For the NCC and its role in research governance, specific expectations of engagement and research partnership have arisen from a history of colonially-motivated research relationships. At the same time, the continued resiliency and resurgence of our people and communities has resulted in a commitment to reclaim our collective past and honour our Inuit ancestors, as we and they embark upon a future together. We understand that research can be a powerful way forward if we work together, nation-to-institution, in a way that recognizes this colonial past and present, and creates pathways that allow for true Indigenous self-determination. On a nation-to-institution level, we envision collaborative research partnerships that are aware of the colonial role of research in the past and today, and research relationships that support Indigenous communities in their ability to pursue decolonizing work.

Plucking partridge on the ice. Photo Credit: ‘My Word’: Storytelling and Digital

 

For the Labrador Institute, this process has involved re-visioning and re-framing our core activities and processes, through ongoing dialogues, listening, and learning with the Inuit and Innu of Labrador. It has meant a re-setting of strategic directions and research priorities, a re-examining of who and what the organization is, within the context of Indigenous sovereignty, self-determination, and research leadership. It has also meant ongoing engagement and dialogue with people at Memorial University about Labrador, Northern sovereignty in research and science, and about the need to further empower the Labrador Institute to grow as a unit, guided by the Indigenous Peoples of the region. To assist in this process, we are currently in the process of establishing an Indigenous Advisory Board for the Labrador Institute, which will direct and guide our future activities and initiatives, ensuring we are responsive to and reflective of the needs and strengths of the North.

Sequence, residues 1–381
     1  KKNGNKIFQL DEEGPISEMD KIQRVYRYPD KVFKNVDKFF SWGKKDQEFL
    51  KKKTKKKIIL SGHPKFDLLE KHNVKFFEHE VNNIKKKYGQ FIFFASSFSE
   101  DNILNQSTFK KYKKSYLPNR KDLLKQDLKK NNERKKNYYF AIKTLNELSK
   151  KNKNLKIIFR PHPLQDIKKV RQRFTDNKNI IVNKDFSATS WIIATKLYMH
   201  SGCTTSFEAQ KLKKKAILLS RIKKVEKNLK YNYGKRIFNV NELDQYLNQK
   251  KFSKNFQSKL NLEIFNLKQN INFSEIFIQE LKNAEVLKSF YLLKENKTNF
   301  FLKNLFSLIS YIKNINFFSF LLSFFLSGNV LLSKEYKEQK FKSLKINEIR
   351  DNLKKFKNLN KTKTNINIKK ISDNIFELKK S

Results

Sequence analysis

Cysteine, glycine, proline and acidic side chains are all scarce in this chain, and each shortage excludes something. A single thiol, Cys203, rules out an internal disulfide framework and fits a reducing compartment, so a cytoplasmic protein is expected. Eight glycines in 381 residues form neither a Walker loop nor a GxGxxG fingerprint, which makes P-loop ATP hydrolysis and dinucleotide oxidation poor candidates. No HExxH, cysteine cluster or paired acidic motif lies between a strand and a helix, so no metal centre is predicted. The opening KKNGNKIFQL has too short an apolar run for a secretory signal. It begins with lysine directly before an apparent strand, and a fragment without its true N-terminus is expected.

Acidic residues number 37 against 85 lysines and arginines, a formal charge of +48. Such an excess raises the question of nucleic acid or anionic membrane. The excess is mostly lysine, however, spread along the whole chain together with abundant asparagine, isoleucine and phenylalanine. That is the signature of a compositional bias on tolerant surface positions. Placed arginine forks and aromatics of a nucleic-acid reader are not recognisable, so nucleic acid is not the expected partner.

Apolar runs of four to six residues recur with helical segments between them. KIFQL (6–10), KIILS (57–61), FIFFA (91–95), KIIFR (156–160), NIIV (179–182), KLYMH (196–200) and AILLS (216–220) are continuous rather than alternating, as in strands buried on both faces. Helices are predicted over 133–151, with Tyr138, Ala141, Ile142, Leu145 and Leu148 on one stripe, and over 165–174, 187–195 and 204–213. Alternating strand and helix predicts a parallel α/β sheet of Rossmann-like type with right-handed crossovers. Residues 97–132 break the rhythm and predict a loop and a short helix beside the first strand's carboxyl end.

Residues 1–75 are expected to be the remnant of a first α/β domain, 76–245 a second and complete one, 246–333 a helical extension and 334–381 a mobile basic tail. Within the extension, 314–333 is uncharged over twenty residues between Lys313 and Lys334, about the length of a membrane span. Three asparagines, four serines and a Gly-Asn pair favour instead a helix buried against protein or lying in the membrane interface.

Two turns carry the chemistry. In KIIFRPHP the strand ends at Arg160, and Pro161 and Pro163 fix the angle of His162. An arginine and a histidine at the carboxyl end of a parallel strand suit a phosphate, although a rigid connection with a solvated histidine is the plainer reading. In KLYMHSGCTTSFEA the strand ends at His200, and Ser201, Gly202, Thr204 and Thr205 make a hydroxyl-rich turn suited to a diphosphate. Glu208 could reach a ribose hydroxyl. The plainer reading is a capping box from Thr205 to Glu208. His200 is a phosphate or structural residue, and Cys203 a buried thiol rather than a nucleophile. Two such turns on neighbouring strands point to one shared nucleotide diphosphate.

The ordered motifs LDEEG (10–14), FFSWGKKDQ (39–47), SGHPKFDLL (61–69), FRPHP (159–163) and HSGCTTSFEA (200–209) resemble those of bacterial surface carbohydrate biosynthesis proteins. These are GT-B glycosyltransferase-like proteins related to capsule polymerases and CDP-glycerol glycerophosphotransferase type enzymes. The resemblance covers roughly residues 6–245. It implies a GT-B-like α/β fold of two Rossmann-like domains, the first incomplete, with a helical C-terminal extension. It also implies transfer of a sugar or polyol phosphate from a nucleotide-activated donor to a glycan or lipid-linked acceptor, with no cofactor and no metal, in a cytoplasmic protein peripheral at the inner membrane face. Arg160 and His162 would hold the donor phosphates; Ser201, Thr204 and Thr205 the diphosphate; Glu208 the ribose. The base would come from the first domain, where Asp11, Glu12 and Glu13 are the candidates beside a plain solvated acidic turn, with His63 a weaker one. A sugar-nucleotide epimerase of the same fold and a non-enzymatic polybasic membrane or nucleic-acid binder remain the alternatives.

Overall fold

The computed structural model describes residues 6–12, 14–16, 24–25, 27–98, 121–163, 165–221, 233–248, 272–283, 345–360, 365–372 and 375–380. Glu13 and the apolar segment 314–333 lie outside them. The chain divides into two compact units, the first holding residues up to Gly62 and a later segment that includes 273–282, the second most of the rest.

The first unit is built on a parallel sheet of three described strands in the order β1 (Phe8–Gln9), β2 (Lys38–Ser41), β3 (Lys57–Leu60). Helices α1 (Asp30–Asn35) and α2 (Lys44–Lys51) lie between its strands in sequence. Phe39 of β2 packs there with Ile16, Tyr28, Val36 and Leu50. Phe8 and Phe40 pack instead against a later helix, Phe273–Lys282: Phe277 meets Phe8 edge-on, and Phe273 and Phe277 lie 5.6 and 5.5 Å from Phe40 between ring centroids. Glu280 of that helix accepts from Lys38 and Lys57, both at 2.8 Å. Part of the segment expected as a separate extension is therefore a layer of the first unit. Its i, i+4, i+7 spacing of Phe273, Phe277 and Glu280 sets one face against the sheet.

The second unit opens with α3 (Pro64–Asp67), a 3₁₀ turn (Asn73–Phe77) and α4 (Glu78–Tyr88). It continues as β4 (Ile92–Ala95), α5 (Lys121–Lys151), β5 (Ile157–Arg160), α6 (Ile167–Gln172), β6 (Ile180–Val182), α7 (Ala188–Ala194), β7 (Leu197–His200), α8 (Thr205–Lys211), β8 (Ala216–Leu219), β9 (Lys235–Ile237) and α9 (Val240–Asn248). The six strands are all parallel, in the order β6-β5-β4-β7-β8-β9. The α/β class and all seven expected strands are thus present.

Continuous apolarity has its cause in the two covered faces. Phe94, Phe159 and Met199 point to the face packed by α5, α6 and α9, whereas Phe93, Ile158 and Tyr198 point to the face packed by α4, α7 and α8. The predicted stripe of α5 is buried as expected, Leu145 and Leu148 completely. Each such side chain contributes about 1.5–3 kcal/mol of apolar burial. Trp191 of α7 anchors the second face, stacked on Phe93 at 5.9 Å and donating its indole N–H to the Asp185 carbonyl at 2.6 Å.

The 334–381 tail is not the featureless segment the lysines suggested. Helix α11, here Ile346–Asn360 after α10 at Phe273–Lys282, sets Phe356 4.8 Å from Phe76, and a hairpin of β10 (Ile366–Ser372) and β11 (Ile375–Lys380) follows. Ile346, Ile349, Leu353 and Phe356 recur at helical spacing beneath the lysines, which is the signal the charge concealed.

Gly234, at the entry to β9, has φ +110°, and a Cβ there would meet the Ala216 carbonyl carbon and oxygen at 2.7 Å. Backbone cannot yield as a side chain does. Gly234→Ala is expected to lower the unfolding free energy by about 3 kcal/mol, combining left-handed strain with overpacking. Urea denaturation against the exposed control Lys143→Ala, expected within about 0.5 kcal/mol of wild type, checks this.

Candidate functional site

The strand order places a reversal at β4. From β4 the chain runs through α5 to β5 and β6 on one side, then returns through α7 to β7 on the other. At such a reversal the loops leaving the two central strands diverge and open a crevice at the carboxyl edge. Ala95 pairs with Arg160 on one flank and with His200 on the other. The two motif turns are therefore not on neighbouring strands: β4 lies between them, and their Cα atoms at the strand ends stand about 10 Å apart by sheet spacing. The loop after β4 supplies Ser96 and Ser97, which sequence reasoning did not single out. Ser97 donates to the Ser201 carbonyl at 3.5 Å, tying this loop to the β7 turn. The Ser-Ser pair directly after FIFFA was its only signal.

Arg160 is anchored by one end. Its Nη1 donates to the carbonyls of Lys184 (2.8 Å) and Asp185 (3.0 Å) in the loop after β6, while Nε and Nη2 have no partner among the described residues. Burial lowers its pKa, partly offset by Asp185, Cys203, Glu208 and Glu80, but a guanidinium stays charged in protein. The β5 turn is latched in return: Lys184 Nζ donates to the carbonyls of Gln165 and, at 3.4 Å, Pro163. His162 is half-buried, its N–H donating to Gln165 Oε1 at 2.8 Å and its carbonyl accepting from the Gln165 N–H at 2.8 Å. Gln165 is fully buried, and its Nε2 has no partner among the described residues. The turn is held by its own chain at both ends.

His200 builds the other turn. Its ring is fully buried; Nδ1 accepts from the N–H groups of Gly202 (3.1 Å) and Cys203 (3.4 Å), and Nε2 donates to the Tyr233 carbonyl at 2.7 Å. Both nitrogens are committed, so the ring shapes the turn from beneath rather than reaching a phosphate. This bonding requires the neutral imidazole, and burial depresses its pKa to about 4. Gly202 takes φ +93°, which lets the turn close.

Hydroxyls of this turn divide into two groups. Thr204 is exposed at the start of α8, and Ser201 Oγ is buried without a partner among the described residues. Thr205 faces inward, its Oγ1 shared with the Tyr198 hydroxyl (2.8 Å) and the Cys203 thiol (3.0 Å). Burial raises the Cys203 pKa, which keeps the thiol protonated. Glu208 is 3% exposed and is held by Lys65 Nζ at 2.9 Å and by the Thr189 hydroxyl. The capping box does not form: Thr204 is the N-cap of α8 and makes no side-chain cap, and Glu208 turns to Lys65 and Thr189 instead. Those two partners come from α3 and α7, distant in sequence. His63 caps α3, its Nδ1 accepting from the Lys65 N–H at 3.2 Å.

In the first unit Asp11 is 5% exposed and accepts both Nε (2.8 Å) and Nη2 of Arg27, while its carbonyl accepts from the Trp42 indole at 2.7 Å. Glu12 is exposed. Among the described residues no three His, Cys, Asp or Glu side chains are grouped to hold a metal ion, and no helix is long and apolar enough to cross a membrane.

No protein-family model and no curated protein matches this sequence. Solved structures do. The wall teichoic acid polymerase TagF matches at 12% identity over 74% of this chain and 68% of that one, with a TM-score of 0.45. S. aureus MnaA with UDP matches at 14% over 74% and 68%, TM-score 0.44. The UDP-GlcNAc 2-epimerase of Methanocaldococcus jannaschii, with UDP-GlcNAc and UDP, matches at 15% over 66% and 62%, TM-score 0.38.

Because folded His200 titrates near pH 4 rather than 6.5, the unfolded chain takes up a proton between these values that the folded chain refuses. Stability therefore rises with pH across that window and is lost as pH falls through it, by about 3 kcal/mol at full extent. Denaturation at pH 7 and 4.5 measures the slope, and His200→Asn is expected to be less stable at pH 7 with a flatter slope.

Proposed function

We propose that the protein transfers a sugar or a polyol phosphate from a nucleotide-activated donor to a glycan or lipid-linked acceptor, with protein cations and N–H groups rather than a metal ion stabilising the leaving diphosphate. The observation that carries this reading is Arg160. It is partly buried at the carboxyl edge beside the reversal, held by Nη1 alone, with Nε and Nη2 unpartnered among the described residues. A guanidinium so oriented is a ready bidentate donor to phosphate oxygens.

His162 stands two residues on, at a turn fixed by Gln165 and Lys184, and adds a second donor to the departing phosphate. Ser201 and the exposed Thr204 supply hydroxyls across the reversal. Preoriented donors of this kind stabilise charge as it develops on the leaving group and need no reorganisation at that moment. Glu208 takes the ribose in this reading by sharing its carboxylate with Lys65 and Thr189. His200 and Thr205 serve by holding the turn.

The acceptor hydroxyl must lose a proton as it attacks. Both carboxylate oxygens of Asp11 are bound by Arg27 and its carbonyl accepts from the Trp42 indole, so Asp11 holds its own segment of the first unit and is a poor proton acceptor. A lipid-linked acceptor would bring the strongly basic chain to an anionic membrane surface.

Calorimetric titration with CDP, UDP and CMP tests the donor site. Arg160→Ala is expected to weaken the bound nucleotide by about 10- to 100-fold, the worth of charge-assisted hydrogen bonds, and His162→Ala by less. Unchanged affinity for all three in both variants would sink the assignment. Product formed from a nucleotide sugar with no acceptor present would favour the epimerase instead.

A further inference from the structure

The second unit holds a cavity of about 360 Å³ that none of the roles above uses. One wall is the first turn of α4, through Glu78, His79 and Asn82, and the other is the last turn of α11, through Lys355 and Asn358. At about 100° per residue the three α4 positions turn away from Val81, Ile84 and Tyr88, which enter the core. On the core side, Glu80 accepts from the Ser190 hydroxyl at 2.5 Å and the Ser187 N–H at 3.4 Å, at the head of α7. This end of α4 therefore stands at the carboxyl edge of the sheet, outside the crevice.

Through discussions between our organizations, it was also clear that we needed to create a “terms of relationship,” which would guide not only our individual interactions, but organizational interactions and nation-to-institution relationships. With the suggestion and guidance from the President of Memorial University, Dr. Gary Kachanoski, and with the agreement of the President of NunatuKavut, Todd Russell, our organizations are embarking on the development of a memorandum of understanding and terms of relationship, to guide the relationships that NunatuKavut and Memorial University have, whether it be in research or in other activities related to higher education. As we are beginning to develop this agreement, we are emphasizing strength-based and desire-based research over deficit- and damage-based research; Inuit sovereignty over territory and research priorities; respect for all ways of knowing and all forms of science, be it Indigenous, local, or Western; and understanding of the importance of working together to ensure research supports Inuit flourishing within NunatuKavut.